Help me create a healthy terrarium, please!
June 15, 2009 5:12 PM   Subscribe

Growing an orchid in an apothecary jar terrarium?

I would really like to plant an orchid in an apothecary type jar terrarium, but I don't have much experience with either orchids or terrariums. I was wondering if anyone had any general advice on doing this, maintaining the health of the orchid, what sort of orchid would be a good choice, etc? Any insights would be much appreciated!
posted by faeuboulanger to Home & Garden (4 answers total) 1 user marked this as a favorite
I would recommend a Phalaenopsis orchid, otherwise known as a moth orchid. This is a great beginner orchid. Costco actually has some beautiful specimens for around $20, which is a great deal - I see lesser-quality orchids at the garden center and florist for twice the price.

There are two challenges involving your apothecary jar, though.

#1 - the Phal can get 30" tall when mature, so you would probably want to start with a baby plant, or a really large jar. It would eventually need to be moved out of the terrarium.
#2 - orchids like air circulation around their roots. You couldn't fill the bottom of the jar with orchid mix (usually fir bark) and expect it to do ok. It would probably need to be in a separate pot set into the bottom of the jar.

A Phal doesn't require a terrarium, though. It would be happy set in a west-facing window. Mine are right by my kitchen sink so I can just grab them and mist them with the spray hose. They are very easy and forgiving plants.

Here's a good site on growing orchids. Good luck! They are beautiful.
posted by Ostara at 5:36 PM on June 15, 2009

Cypripedium (the "lady slipper") is another very forgiving orchid for beginners, but they're not as beautiful as most when they bloom.

Orchids like a lot of air circulation. I don't think they'd prosper in a terrarium, no matter what kind of terrarium it was.
posted by Chocolate Pickle at 6:00 PM on June 15, 2009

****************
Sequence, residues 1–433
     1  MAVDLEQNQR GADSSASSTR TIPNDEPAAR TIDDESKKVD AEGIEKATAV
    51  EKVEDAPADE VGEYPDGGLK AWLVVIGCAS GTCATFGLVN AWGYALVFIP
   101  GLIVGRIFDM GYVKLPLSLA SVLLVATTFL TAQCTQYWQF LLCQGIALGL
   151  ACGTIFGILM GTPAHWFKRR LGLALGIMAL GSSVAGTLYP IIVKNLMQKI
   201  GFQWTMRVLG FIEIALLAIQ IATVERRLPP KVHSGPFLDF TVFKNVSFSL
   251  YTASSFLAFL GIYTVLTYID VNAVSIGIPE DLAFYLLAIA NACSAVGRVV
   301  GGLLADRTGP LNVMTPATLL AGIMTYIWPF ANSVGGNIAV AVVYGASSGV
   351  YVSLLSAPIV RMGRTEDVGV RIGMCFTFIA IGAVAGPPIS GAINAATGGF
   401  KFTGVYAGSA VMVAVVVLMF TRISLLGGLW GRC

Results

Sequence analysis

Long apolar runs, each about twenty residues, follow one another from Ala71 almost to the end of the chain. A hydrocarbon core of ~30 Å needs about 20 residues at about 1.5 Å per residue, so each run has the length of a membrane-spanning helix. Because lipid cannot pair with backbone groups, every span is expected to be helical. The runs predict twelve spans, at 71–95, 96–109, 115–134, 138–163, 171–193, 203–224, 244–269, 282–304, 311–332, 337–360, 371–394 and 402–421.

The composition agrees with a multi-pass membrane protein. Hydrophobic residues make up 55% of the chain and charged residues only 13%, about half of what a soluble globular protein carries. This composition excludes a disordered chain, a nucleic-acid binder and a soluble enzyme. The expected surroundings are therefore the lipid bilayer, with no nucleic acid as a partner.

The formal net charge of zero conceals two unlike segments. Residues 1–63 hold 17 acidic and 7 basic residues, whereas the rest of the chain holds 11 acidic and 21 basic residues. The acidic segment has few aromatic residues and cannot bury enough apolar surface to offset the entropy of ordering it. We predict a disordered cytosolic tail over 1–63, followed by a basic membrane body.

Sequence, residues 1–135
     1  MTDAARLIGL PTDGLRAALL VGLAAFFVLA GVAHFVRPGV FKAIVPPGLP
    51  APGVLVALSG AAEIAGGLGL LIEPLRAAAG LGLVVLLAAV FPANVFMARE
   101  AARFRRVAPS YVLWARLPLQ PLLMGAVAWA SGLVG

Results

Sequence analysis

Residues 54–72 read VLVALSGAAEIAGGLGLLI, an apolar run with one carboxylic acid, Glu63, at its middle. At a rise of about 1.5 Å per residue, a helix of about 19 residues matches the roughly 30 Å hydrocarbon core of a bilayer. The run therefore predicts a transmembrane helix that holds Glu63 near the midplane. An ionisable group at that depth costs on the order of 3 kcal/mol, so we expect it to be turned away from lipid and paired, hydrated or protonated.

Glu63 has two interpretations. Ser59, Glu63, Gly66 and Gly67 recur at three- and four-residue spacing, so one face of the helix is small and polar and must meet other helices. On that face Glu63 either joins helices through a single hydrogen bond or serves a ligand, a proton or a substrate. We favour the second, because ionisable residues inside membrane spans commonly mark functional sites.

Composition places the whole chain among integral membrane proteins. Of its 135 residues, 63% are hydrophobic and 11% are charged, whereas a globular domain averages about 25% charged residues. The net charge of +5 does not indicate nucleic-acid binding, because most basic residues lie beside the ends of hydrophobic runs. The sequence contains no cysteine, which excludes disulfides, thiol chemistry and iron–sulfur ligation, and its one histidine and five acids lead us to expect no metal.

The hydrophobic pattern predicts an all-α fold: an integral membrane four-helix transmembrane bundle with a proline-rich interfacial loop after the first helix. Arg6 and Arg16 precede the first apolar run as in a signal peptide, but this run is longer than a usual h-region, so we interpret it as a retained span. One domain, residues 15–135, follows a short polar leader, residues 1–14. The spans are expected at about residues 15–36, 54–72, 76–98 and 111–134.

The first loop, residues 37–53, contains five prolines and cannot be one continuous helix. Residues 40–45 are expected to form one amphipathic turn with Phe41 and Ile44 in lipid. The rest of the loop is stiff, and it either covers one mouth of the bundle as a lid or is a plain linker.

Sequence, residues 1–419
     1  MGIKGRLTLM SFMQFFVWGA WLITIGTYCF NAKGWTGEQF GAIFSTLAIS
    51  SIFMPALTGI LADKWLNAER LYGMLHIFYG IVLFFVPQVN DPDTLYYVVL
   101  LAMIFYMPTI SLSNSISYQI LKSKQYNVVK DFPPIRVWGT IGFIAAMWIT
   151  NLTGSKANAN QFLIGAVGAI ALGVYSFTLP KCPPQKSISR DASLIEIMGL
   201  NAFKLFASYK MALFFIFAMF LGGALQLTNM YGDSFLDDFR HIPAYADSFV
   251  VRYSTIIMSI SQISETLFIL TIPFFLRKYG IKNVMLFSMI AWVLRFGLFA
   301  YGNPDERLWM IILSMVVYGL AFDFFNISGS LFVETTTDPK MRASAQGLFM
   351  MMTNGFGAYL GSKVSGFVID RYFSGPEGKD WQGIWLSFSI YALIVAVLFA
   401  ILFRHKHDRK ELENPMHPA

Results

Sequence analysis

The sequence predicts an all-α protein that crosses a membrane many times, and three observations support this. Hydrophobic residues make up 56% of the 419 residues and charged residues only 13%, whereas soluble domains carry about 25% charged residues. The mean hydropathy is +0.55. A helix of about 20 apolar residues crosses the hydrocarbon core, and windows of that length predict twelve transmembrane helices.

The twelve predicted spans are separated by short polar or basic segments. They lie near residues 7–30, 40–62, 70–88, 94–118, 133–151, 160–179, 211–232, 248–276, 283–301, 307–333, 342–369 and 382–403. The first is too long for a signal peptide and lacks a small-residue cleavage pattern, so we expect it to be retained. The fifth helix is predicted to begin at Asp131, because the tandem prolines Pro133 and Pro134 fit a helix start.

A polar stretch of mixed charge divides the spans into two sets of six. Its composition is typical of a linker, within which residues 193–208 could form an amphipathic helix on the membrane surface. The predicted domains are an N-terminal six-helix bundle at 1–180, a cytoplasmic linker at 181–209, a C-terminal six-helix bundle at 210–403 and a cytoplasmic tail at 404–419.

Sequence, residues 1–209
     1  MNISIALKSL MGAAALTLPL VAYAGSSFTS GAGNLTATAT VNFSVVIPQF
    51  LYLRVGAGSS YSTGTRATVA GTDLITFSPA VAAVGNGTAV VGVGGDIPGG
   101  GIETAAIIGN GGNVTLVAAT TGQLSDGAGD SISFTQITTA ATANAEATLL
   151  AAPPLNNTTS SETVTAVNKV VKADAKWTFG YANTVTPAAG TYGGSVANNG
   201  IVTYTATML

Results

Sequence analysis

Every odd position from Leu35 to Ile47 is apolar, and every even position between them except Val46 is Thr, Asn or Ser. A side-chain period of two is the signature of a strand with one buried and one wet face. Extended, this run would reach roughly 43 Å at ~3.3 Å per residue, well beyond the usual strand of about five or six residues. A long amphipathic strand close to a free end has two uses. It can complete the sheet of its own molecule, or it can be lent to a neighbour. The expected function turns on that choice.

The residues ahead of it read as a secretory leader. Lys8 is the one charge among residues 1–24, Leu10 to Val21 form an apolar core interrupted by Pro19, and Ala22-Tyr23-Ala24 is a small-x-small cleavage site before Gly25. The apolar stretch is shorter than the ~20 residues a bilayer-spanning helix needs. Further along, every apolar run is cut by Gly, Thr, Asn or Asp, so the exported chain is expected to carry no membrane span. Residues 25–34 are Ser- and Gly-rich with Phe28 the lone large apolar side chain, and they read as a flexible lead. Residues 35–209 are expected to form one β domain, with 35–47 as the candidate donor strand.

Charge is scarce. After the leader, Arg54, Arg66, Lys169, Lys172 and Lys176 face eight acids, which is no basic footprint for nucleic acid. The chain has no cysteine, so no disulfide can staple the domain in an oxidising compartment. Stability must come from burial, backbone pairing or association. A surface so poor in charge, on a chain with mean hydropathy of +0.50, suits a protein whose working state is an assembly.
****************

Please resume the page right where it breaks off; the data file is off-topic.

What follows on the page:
I think you can have an orchid in a jar, but leave off the lid. I've often seen orchids grown in a pot set inside some kind of outer container. What people do is: put in some gravel at the bottom, pour water onto it, and then set down the pot with the orchid. Keep the gravel steeped in water, so nice moist air will surround the orchid. It's okay for the pot containing the orchid to be damp, and for its bark to be wet, but you don't want the orchid's roots sitting in water.
I do something similar at home - I actually have the pot sitting on a larger container full of water, so the water is wicking up into the clay of the pot and evaporating. I set this up once when I was leaving on a long trip, and came home to happy orchids (cheerfully putting out new roots and leaves), so I kept it. I never actually water them, I just top up the water they are sitting above. And I sometimes mist them.

As people have said, remember that orchids don't get potted in soil, but in chunky bark, or sometimes a whole plant lives on a large piece of bark. There are "terrestrial orchids" which do get planted in soil, but I think what you're wanting to discuss here are the more commonly considered epiphytic orchids, right?
Besides the damp yet airy situation, occasional fertilizing is warranted, so keep that in mind. About once a month, or when the plant is growing. I have to admit I'm pretty random about it, but orchids are very forgiving.

There was an article a few years ago in Martha Stewart Living magazine about orchids, and they had a photo of a cylindrical glass jar (a big, wide, open thing) with several miniature orchids placed in it, and at least one hung up on the lip of the jar (so it was hanging inside). This was set up with the gravel and water at the bottom like I'm describing. I ran a few searches, but I couldn't find it - but if you happen to have a bunch of back issues or go to the library much, maybe you could have a look. I think it's the kind of inspiration you're looking for.
posted by ysabella at 7:05 PM on June 15, 2009

Not all orchids like humid air. Orchids as a group live in a very wide variety of different conditions, and each is adapted to the specific area where it's found. I mentioned Cypripedium, for example. One of the reasons it's easy for beginners to grow is that it doesn't need, or like, high humidity or lots of bright sunlight. Its natural environment is the floor of temperate rain forests where the air is dry much of the time and the plant is usually in the shade.

Before trying to design a growing environment, you should do research and pick the specific orchid you want to grow. THEN you work out how and where you're going to grow it, and what kind of conditions it will need in order to prosper.

Or, I guess, design the conditions, and then research different kinds of orchids to see what can and will prosper there. But don't assume they all ike the same thing. They don't.
posted by Chocolate Pickle at 8:11 PM on June 15, 2009

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